“The way kids are going to best enjoy the sport and keep coming back is by learning skills, feeling confident, having a sense of improvement, that’s what’s going to keep them coming back. The other elements, I think balance, like everything, is probably in order.”
It’s important for associations to maximize their use of ice time. Teams can incorporate off-ice training (weather permitting) for activities like conditioning and team building. When running drills or scenarios, coaches can stop the play and walkthrough with the players to explain without having to worry about how ice time is being used. Players can even work on stickhandling and passing off the ice while focusing on skating on the ice.
For those looking externally for extra help on the ice through guest instructors, that can be another cost added during the season. Kevin Hamilton, Director of Hockey Development with the OMHA, suggests reaching out to coach mentors and using other resources in order to build up from the inside.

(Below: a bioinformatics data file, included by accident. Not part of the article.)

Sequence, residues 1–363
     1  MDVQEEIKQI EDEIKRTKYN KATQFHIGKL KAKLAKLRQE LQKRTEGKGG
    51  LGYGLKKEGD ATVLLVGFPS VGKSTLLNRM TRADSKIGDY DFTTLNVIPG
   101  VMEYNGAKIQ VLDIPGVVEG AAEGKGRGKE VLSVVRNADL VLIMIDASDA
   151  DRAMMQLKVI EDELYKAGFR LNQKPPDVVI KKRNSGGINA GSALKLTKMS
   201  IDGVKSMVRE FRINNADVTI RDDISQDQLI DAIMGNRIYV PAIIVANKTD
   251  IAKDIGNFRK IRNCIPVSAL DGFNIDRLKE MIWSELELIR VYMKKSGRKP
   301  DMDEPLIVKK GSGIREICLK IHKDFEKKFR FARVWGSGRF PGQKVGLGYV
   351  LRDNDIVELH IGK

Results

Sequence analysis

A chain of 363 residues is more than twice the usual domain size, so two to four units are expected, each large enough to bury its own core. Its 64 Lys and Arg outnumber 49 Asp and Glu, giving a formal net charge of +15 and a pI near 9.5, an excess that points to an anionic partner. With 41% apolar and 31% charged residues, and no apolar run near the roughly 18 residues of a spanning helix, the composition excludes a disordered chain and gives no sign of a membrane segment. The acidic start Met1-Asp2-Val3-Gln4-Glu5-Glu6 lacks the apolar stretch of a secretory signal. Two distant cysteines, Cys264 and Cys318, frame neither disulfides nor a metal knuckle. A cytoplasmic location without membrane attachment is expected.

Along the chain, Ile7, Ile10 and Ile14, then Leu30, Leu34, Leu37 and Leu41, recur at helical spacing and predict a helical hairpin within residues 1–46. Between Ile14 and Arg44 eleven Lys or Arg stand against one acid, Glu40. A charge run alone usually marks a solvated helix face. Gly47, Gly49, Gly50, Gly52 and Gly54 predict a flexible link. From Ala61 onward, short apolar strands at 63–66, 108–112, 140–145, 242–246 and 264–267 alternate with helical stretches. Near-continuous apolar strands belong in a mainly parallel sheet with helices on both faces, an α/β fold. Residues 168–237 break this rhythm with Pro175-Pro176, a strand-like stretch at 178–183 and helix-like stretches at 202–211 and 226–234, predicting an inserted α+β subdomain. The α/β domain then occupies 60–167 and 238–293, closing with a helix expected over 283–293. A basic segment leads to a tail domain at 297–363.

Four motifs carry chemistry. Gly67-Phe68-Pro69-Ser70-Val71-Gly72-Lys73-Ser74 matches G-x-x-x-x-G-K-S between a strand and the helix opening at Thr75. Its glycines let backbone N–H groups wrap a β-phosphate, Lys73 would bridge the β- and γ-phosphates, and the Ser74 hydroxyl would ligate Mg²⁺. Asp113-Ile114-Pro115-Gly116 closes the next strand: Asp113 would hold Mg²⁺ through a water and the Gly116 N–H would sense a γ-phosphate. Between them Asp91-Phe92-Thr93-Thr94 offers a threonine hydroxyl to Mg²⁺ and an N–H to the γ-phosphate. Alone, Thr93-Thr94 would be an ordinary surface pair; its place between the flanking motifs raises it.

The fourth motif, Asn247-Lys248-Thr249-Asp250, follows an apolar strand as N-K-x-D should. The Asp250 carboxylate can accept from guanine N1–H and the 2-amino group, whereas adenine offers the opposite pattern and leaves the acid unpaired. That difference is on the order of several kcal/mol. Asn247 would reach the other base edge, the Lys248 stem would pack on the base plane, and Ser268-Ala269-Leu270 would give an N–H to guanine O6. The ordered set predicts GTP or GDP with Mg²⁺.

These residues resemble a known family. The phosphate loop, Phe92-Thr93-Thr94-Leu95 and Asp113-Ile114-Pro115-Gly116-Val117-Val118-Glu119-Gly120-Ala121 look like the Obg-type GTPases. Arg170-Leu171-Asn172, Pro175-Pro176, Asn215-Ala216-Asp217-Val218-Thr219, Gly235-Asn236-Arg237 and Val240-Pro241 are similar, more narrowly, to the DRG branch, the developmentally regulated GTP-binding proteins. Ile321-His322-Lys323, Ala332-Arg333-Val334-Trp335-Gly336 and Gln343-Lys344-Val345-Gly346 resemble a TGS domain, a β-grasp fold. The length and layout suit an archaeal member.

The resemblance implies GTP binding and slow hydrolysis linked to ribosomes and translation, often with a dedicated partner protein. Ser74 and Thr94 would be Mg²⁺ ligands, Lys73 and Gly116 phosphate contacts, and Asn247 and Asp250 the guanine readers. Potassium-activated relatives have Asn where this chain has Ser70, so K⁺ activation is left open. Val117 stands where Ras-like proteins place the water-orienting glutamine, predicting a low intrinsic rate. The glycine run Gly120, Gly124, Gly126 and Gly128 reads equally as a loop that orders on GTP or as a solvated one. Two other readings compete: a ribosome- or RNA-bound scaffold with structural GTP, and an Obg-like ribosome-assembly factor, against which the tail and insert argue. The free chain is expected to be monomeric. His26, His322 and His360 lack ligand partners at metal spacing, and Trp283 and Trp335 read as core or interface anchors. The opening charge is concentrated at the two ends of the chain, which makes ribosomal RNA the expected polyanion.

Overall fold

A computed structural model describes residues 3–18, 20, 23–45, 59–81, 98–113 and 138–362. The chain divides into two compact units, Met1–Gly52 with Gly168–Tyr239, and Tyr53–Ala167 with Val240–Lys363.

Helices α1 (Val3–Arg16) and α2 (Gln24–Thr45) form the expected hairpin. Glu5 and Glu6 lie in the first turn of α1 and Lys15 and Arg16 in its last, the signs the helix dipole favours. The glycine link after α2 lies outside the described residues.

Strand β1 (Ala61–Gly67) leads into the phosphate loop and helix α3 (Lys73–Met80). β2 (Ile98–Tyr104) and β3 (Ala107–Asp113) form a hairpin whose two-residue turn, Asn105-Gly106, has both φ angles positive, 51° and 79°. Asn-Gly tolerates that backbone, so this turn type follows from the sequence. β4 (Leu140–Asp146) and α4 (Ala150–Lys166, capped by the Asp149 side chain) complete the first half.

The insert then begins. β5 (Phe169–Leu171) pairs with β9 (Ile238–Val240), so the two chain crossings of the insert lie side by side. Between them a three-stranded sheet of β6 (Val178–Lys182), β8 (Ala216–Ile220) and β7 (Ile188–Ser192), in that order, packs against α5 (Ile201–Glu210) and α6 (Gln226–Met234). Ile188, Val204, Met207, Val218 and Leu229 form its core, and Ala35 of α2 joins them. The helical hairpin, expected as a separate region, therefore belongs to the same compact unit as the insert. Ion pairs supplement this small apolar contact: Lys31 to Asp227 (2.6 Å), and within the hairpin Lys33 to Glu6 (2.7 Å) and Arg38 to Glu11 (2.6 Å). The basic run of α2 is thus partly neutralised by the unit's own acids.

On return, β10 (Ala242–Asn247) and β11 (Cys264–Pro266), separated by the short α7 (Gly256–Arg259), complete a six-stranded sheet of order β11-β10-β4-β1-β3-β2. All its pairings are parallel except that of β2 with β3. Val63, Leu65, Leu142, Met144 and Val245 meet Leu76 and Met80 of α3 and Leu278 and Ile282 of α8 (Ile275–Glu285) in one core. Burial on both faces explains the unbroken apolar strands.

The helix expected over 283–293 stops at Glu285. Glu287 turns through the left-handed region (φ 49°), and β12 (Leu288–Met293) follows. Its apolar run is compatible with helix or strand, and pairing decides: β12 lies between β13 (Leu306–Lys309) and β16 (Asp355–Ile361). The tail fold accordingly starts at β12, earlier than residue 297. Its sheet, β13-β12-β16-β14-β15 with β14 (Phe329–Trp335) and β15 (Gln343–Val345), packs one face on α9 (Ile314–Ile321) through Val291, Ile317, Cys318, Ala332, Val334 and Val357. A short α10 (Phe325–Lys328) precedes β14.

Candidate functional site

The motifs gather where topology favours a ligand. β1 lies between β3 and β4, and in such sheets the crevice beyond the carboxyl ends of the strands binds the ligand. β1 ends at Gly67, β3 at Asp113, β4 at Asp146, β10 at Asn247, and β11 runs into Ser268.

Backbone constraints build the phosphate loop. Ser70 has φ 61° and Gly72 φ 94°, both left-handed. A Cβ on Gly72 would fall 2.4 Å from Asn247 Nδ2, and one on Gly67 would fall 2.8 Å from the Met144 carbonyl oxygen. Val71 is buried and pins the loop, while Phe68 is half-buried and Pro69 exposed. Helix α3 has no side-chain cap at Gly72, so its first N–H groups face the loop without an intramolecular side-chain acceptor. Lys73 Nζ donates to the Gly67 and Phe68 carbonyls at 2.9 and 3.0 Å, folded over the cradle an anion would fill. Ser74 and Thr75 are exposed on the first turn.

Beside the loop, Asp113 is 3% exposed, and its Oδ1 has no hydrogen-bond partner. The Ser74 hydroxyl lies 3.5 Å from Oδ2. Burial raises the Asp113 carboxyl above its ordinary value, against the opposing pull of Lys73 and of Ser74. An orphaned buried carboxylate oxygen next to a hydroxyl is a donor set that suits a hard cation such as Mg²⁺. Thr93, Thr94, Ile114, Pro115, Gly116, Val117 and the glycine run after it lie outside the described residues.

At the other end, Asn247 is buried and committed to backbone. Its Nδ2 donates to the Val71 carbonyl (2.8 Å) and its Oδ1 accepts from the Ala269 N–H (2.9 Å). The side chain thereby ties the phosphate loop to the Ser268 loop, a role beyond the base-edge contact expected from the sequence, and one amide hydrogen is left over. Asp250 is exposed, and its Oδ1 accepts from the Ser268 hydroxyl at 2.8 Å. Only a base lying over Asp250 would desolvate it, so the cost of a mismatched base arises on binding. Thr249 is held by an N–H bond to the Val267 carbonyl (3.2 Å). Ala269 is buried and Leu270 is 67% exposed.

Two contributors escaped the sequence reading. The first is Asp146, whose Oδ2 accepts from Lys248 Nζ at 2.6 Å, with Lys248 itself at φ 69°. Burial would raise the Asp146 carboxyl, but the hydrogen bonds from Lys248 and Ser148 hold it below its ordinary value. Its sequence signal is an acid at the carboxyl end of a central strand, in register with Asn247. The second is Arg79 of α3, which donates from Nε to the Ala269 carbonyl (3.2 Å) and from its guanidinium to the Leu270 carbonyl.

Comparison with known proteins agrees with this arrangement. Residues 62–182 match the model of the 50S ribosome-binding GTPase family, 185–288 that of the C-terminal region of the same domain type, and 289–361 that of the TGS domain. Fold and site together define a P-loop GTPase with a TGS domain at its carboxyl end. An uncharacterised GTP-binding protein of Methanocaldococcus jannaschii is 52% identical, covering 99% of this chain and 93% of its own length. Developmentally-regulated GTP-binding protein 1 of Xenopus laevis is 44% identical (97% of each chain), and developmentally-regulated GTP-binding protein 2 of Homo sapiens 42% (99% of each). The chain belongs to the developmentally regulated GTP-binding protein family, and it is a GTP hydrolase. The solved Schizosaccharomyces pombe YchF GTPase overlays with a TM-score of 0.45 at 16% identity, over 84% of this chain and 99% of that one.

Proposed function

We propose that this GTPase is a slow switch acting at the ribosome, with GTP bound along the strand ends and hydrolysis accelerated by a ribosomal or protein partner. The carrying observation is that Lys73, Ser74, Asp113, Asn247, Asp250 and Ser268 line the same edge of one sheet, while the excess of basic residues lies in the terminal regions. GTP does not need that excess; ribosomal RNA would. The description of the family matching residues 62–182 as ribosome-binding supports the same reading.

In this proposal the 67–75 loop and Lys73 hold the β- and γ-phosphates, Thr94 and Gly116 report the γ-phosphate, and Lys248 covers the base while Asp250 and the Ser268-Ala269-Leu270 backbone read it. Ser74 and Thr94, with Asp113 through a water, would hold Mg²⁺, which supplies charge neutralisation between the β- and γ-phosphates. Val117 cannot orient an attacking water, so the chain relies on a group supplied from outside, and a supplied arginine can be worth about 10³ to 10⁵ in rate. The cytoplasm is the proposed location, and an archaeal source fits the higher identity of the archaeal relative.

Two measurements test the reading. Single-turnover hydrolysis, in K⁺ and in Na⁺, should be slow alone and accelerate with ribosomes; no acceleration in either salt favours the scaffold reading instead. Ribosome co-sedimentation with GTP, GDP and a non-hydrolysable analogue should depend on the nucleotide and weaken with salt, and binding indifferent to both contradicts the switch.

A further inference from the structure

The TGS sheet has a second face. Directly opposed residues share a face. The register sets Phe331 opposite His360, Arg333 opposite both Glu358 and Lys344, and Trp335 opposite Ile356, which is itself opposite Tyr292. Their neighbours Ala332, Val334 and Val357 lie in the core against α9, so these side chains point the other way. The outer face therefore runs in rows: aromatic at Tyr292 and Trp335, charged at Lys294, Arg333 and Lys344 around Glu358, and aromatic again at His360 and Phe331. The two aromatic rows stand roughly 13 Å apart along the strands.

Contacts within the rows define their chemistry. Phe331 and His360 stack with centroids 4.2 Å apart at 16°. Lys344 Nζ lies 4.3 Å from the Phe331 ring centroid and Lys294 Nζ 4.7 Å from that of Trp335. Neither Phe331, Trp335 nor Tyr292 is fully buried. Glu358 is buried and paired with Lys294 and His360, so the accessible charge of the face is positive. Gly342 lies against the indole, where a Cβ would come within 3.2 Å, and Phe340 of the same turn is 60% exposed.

“People’s perceptions, sometimes when they bring in outside instructors and skill development people, there’s a perception that because we’re paying extra for this, it’s got to be better,” said Hamilton. “I think we do a really good job of offering educational opportunities to our coaches. I think if we help build their skill base and their confidence in terms of delivering these skills, there should be less of a need to engage outside ‘experts’.”